The Daily Advance is not going to make any candidate endorsements in today’s edition, but that’s not to say we don’t have opinions about the kinds of candidates residents should vote for in Tuesday’s federal, state, county and municipal elections.

There are a number of traits that all good candidates for public office should have, but a few of the most important, in our view, are these: competence, commitment, courage, collegiality, curiosity, honesty, humility, and last but not least, an overwhelming concern for the welfare of others. If you don’t have those qualities, you lack what it takes to be successful in any type of government, but particularly a local one.

Area voters are making a lot of important decisions on Tuesday. Besides deciding who from the Republican and Democratic parties should represent our state in the U.S. Senate and two congressional districts, GOP and unaffiliated voters casting a Republican ballot are also deciding nominees for several seats on the state Supreme Court and Court of Appeals.

Owing to the fact there are no Democratic opponents, a number of other important public offices — district court judge, district attorney, Superior Court clerk in Camden and county commissioner in Camden and Currituck — will be filled by GOP ballot-casting voters on Tuesday. We’d ask those voters to remember the qualities we mentioned above when filling out their ballots for these positions.

In Pasquotank County, there are two commissioner primaries on Tuesday’s ballot, one Democrat and one Republican. Incumbent At-large Commissioner Barry Overman is being challenged by fellow Republicans Carl Witten and Wayne Parker while incumbent Southern Inside Commissioner Cecil Perry is being challenged by fellow Democrat Linwood Gallop. We’d ask voters to again remember the qualities we mentioned above when marking their ballots. Who seems the most competent, the most collegial, the most honest — and which candidate seems the most willing to put others’ welfare before their own?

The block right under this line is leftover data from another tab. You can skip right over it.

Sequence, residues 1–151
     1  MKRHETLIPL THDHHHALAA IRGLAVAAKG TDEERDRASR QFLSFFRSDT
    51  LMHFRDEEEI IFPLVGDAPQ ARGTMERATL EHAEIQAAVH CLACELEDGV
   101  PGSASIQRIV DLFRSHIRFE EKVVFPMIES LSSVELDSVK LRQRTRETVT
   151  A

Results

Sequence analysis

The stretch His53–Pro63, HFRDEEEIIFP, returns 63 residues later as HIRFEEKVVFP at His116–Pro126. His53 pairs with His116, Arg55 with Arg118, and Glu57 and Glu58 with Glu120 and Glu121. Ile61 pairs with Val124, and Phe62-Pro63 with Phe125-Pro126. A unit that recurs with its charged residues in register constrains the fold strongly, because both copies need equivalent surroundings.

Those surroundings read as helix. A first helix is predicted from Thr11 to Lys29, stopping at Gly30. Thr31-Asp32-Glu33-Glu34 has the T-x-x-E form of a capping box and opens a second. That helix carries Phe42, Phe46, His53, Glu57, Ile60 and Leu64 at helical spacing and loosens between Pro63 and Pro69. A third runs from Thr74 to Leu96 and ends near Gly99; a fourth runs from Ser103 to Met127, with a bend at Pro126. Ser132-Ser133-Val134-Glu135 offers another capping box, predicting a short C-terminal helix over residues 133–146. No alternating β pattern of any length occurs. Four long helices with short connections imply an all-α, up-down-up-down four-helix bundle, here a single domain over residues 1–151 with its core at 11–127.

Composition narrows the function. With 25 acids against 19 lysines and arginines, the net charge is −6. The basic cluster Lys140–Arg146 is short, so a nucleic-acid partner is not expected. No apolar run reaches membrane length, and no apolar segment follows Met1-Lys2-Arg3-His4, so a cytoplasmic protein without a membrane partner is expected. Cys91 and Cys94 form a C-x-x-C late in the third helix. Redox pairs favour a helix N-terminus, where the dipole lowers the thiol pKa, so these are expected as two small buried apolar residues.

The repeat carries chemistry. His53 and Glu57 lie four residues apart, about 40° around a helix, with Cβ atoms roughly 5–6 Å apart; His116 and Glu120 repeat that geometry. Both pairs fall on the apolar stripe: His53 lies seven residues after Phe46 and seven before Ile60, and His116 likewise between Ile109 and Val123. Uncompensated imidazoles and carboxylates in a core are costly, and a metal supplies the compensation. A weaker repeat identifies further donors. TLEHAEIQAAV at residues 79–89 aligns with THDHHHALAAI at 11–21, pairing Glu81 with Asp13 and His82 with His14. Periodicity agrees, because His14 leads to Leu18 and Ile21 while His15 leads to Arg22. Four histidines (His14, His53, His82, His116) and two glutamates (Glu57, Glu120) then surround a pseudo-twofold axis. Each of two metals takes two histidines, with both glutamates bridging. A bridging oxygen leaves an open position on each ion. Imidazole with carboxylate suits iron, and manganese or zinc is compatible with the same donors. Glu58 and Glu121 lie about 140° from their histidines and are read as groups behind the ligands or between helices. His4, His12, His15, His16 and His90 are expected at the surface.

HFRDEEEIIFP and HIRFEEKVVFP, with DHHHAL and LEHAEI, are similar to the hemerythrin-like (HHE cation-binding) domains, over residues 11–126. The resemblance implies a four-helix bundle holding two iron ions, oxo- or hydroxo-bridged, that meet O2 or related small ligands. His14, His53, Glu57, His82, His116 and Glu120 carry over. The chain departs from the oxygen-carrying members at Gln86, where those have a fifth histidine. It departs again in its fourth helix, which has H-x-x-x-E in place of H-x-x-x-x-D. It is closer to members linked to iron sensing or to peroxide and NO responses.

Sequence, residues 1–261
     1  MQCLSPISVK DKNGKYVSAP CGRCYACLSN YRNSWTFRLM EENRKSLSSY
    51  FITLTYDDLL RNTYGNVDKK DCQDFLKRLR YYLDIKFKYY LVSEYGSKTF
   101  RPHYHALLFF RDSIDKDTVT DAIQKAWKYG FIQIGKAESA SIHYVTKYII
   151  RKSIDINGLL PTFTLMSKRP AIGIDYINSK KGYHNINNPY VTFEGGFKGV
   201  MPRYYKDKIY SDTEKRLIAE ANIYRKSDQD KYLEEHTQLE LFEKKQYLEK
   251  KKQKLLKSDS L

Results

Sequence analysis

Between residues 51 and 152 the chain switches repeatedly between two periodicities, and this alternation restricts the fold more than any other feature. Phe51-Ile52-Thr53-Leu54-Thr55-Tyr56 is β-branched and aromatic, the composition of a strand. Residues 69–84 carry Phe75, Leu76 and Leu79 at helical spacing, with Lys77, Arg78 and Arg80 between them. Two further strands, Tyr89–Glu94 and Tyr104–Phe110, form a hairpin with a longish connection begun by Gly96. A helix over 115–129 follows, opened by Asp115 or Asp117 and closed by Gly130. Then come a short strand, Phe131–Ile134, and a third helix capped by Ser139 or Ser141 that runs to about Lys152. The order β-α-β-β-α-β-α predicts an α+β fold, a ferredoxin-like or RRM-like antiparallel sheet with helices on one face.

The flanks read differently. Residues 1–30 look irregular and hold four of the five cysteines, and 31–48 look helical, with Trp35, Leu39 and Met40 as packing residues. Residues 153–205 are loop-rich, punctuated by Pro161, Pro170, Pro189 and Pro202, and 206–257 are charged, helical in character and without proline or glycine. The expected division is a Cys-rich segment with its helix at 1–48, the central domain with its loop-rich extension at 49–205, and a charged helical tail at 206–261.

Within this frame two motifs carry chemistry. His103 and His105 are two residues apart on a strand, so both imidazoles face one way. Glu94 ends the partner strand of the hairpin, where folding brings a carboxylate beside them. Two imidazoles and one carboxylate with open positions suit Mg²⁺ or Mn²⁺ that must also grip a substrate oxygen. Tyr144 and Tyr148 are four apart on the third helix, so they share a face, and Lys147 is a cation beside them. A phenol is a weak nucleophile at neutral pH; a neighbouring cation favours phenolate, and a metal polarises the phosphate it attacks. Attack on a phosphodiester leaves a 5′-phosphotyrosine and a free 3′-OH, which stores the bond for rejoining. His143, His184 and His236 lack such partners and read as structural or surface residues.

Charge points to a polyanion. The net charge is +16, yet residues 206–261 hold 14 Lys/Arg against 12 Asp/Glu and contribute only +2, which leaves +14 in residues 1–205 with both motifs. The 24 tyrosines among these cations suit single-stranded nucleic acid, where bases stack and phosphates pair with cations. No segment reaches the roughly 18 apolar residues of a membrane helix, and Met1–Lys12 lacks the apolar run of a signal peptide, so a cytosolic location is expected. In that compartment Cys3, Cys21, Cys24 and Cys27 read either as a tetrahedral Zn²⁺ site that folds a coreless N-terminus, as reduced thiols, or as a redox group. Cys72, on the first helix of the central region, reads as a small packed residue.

Voters need to do the same in Elizabeth City’s races for mayor and city council. First Ward Councilor Jeannie Young, community activist and former city councilor Kirk Rivers, and conservative activist Christina Williams are all vying for the chance to become the city’s next mayor.


In the city’s three contested races for City Council, 2nd Ward voters will be choosing between incumbent Chris Ruffieux and challengers Rose Whitehurst and Javis Gibbs for two seats; 3rd Ward voters will be doing the same between incumbents Michael Brooks and Kem Spence and three challengers — former city human resource director Katherine Felton, office manager Evelyn Strader and Charles Hill; and 4th Ward voters will also be picking two councilors from between incumbent Johnnie Walton and first-time candidates Barbara Baxter, Roger Jones, Bennie Murphy, Donald Spencer and Sandra White.

Again, we’re not endorsing anyone for these seats. But we do think it’s important to look at who these candidates are, what they’ve done, and what they say they hope to do — and apply the same criteria we spoke of earlier.

Elizabeth City has a lot of serious problems: past sloppy financial accounting practices that have forced current officials to seek outside financial help to straighten out the books; aging sewer and water infrastructure that will require millions of dollars to fix; a hemorrhaging of critical personnel from the city’s employ. The city needs serious people at City Hall to address these problems going forward.

A big part of the problem why that hasn’t happened up to now has been some of the people who currently hold office or have held it in the recent past. Instead of working to move the city forward, they’ve been more interested in responding to personal slights and pursuing verbal fights with fellow councilors. The last thing the city needs in Tuesday’s election is to elect even more of these people to office — people who will pursue division just because someone is of a different race or political party. Again, we’d ask voters to look for the qualities we outlined earlier when they cast their ballots on Tuesday.

The Daily Advance